We update our data on Costa Group Holdings every 24 hours, so you can always get our latest analysis of its financial health, here.
Before buying a stock for its income, we want to see if the dividends have been stable in the past, and if the company has a track record of maintaining its dividend. This company’s dividend has been unstable, and with a relatively short history, we think it’s a little soon to draw strong conclusions about its long term dividend potential. During the past three-year period, the first annual payment was AU$0.06 in 2016, compared to AU$0.14 last year. This works out to be a compound annual growth rate (CAGR) of approximately 31% a year over that time. The dividends haven’t grown at precisely 31% every year, but this is a useful way to average out the historical rate of growth.
Costa Group Holdings has grown distributions at a rapid rate despite cutting the dividend at least once in the past. Companies that cut once often cut again, but it might be worth considering if the business has turned a corner.
Dividend Growth Potential
Given that the dividend has been cut in the past, we need to check if earnings are growing and if that might lead to stronger dividends in the future. Strong earnings per share (EPS) growth might encourage our interest in the company despite fluctuating dividends, which is why it’s great to see Costa Group Holdings has grown its earnings per share at 65% per annum over the past five years. The company has been growing its EPS at a very rapid rate, while paying out virtually all of its income as dividends. Generally, a company that is growing rapidly while paying out a majority of its earnings, is seeing its debt burden increase. We’d be conscious of any extra risk added by this practice.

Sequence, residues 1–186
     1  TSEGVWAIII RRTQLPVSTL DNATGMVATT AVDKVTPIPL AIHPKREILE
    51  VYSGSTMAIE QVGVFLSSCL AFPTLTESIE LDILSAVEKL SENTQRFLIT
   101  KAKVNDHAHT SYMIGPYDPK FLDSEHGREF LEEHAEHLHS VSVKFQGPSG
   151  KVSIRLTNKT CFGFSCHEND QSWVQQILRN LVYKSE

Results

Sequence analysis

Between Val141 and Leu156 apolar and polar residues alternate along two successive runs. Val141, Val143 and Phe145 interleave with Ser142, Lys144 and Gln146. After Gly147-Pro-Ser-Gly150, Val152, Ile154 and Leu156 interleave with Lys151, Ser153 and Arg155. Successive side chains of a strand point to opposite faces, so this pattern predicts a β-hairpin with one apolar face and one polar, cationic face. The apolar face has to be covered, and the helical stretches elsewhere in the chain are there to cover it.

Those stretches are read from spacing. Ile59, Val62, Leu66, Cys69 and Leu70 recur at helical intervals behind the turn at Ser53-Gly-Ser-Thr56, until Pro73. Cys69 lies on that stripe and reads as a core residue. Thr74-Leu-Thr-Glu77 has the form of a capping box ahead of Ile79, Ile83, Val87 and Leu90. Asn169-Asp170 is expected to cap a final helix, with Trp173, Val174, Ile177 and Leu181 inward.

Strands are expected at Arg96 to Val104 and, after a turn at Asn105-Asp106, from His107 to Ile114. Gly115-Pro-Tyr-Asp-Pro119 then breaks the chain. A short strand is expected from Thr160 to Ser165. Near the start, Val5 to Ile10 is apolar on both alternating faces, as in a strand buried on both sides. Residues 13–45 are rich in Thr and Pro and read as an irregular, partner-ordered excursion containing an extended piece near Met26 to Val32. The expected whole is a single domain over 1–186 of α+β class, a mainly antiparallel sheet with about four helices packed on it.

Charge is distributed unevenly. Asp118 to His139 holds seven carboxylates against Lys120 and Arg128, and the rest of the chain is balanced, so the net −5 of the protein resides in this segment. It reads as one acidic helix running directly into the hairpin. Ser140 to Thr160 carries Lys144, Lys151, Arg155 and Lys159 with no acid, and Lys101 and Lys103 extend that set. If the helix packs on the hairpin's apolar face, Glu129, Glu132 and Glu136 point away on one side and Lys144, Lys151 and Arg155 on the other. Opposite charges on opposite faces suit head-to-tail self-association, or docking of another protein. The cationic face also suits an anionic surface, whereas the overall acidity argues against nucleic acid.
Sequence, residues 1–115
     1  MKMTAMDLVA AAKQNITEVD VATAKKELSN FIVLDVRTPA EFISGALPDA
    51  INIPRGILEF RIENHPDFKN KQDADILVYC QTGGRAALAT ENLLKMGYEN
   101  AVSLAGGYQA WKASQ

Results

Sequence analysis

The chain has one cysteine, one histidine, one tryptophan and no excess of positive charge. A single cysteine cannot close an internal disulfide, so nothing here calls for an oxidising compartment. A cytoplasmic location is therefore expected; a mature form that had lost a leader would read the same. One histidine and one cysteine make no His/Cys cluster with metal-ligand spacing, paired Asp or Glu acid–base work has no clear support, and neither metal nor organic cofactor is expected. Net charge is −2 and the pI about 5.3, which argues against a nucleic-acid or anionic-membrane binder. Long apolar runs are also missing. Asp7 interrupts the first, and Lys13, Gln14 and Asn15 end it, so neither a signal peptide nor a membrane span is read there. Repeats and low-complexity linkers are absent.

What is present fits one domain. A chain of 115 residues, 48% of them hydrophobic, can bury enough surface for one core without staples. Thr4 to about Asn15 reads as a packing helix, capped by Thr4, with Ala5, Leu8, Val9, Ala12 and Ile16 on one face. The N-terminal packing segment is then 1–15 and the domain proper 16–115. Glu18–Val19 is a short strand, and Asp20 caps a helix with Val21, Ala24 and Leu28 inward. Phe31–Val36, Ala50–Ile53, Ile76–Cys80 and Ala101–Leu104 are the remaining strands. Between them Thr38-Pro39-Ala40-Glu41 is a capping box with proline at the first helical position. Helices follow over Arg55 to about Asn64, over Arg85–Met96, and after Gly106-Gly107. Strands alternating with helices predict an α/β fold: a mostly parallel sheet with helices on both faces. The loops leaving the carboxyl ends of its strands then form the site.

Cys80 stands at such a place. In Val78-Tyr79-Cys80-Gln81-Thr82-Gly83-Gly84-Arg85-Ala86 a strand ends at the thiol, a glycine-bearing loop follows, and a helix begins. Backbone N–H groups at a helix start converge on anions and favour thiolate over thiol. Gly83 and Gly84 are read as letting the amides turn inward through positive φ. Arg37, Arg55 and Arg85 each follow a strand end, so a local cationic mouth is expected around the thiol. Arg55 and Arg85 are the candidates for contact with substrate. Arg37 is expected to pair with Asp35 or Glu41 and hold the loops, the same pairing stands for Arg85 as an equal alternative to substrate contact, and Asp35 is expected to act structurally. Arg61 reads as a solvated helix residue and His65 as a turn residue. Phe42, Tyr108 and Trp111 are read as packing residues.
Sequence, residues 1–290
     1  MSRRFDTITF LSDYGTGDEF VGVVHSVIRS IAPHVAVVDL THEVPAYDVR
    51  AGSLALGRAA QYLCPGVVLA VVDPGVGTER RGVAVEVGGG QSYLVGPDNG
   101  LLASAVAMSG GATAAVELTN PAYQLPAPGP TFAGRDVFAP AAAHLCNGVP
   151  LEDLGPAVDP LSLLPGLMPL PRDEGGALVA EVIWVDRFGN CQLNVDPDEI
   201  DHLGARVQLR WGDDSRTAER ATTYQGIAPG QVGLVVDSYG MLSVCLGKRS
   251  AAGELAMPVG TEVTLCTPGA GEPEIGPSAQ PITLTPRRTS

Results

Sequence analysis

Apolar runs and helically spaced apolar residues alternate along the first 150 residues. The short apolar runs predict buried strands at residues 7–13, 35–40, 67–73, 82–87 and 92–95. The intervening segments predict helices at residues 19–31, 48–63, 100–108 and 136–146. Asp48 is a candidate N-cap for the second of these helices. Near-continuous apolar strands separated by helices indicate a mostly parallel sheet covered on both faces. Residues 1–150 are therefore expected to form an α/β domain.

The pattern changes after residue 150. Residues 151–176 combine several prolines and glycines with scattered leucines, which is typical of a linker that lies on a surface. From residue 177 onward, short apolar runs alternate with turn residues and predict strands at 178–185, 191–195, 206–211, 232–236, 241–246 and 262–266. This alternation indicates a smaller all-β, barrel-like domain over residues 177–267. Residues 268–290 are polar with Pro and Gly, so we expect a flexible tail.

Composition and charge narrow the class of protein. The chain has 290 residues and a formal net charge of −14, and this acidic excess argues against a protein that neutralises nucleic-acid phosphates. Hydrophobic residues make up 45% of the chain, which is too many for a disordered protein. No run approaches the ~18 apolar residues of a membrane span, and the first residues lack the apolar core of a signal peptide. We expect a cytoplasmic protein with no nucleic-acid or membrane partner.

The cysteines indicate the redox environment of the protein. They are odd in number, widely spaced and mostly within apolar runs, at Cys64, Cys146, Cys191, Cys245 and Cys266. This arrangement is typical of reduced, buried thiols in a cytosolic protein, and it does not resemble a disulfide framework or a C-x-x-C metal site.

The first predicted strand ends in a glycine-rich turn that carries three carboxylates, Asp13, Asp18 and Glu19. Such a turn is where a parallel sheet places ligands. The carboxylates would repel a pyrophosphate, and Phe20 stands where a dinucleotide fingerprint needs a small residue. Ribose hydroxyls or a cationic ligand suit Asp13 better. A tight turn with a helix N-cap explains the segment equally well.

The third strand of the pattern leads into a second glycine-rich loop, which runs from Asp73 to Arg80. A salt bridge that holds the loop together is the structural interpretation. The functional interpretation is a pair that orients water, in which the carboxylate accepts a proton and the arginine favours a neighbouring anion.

Dividend investors should always want to know if a) a company’s dividends are affordable, b) if there is a track record of consistent payments, and c) if the dividend is capable of growing. It’s a concern to see that the company paid out such a high percentage of its earnings and cashflow as dividends. We were also glad to see it growing earnings, but it was concerning to see the dividend has been cut at least once in the past. With this information in mind, we think Costa Group Holdings may not be an ideal dividend stock.
Earnings growth generally bodes well for the future value of company dividend payments. See if the 8 Costa Group Holdings analysts we track are forecasting continued growth with our free report on analyst estimates for the company.
Looking for more high-yielding dividend ideas? Try our curated list of dividend stocks with a yield above 3%.
We aim to bring you long-term focused research analysis driven by fundamental data. Note that our analysis may not factor in the latest price-sensitive company announcements or qualitative material.
If you spot an error that warrants correction, please contact the editor at email@example.com. This article by Simply Wall St is general in nature. It does not constitute a recommendation to buy or sell any stock, and does not take account of your objectives, or your financial situation. Simply Wall St has no position in the stocks mentioned. Thank you for reading.